My favorite partnership, though, is pictured at the top of this post.  Ricky Gervais and Stephen Merchant – while not solely filmmakers – have done more to entertain me in the last seven years than anyone.  Their original UK version of The Office is one of the best shows of the decade, and I watch the whole thing at least once a year.  Their follow-up, Extras, doesn’t hit quite the same heights as its predecessor, but it’s every bit as entertaining and possesses some impressive emotional undercurrents  that sneak up on you when you don’t expect it.  And their podcast with Karl Pilkington is glorious in its free-associative absurdity.

I’ve detailed my admiration for Gervais elsewhere on this site, so what I really want to do is take a few moments to talk about the underappreciated Merchant.  As good as Ricky is, it’s only in his collaborations with Stephen that he truly soars.  For instance, Gervais is a fine standup comedian, but his two American specials aren’t essential viewing in the way The Office or Extras are, and Ricky’s first directing credit without Stephen, 2009’s The Invention of Lying, is certainly sly and funny, but it’s also frustratingly uneven and dips significantly in an overlong final act.  While their individual strengths are obvious – Ricky is an expert at broad comedy, where Stephen seems to be subtler, quieter, and more self-deprecating – it isn’t clear exactly what role each man takes in their collaborations.  However their responsibilities are defined, it’s clear that Gervais’ best work is done with his frequent partner.

One of my favorite things about Extras is that it allowed Merchant to introduce the character of Darren Lamb, the well-meaning but completely incompetent agent to Gervais’ character, Andy Millman.  Their scenes together transcend typical TV comedy because their interactions are based 100% in character; there’s never a sense that the comedy comes in favor of jokes at the expense of who these two men really are.  And, more importantly, each of their scenes is tinged slightly by sadness and frustration, giving the show surprising emotional heft.  Darren really wants to do well, but he lacks the necessary something (responsibility? mental acuity? common sense?) to get the job done.  Even so, there’s always the sense that the shallow and indecisive Andy doesn’t deserve someone as loyal as Darren, even though the agent is clearly not helping Andy’s career.  It’s a virtuoso tightrope act, where the viewer’s allegiances can shift within a scene, from wishing Darren would finally do something right for a change, to wishing Andy would take it easy on a guy who’s clearly trying his hardest.  I think this dynamic is mainly a credit to Merchant, who could easily play Darren as a dolt.  Instead, he comes off as a good-natured and fiercely loyal scatterbrain, whose best will just never be good enough.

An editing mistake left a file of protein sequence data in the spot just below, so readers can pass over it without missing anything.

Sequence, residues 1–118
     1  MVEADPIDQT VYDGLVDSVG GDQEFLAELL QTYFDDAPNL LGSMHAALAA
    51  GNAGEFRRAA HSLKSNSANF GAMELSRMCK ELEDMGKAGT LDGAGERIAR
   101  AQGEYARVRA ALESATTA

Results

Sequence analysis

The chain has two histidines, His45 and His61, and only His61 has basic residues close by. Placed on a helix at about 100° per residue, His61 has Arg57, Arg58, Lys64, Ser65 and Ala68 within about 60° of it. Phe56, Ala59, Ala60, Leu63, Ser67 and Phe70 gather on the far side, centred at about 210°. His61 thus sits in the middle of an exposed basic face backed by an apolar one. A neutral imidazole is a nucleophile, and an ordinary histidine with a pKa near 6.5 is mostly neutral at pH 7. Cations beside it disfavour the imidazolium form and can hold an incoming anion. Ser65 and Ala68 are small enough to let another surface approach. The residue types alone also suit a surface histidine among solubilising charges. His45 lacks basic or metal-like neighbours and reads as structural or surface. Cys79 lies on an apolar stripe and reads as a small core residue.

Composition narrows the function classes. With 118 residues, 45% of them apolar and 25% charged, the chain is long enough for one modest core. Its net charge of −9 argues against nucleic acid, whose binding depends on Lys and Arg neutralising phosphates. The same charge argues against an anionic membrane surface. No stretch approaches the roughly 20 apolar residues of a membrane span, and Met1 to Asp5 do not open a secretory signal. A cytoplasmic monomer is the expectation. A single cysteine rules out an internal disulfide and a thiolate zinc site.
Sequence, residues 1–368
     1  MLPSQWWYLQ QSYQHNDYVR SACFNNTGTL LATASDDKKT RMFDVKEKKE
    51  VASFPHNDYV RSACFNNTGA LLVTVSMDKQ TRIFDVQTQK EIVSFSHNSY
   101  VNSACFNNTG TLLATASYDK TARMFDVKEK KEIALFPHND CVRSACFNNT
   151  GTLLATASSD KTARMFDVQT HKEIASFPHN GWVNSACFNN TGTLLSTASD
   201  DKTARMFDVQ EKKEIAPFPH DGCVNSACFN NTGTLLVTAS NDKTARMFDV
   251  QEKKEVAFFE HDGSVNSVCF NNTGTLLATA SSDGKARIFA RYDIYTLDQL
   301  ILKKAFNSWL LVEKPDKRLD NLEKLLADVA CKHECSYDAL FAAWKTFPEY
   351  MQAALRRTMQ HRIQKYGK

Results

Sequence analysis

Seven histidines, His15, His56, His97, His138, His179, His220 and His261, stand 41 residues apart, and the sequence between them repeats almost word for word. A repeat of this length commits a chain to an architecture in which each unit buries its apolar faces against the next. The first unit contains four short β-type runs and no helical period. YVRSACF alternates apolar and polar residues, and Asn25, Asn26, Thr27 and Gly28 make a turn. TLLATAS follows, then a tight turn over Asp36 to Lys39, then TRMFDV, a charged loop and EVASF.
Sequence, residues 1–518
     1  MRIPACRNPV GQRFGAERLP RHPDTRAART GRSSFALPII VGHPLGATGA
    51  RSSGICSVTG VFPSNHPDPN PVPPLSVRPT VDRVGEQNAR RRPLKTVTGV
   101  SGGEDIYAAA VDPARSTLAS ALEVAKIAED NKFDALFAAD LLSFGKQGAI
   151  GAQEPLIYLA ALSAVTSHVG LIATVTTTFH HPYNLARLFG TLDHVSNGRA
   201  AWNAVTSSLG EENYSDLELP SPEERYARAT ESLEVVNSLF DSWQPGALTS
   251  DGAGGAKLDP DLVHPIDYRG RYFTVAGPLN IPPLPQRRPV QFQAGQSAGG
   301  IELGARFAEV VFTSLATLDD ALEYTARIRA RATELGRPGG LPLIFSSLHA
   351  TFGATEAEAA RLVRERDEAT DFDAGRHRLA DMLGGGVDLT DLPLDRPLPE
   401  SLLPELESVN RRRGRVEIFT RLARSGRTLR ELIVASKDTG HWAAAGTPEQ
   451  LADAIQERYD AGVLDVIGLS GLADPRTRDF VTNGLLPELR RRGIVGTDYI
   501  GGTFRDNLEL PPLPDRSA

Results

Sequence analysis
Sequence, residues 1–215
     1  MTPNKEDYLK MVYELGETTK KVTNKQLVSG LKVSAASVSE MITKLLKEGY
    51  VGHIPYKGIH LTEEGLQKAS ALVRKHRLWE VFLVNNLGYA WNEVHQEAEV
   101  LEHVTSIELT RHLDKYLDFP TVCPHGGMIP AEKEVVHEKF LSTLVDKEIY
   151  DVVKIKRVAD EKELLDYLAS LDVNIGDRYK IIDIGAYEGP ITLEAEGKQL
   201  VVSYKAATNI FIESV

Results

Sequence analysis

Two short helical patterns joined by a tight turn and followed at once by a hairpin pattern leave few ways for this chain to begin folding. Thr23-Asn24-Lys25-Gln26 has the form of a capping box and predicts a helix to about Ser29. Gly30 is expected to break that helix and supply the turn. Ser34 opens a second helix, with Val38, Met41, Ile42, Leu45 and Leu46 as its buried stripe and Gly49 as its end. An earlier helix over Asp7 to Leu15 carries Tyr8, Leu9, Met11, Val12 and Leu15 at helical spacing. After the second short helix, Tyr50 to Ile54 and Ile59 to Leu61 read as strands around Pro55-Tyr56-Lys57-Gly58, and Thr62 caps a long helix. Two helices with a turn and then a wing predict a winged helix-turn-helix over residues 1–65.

What follows is a montage of some of the best of Darren’s bits with Andy.  I don’t know how well these brief excerpts will translate to someone who doesn’t know the show, so I’ve also included a longer scene, which is one of my favorites.